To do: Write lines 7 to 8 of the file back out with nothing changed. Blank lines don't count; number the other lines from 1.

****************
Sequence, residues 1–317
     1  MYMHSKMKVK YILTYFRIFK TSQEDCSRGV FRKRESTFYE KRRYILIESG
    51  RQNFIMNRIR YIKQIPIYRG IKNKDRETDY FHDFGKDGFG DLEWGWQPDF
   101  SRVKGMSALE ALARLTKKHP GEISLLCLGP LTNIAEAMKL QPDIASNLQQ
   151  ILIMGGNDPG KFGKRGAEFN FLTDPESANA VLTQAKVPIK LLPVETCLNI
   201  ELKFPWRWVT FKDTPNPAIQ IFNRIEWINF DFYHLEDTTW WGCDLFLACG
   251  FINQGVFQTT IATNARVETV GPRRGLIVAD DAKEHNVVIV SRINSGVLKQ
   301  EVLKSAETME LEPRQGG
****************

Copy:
   251  FINQGVFQTT IATNARVETV GPRRGLIVAD DAKEHNVVIV SRINSGVLKQ
   301  EVLKSAETME LEPRQGG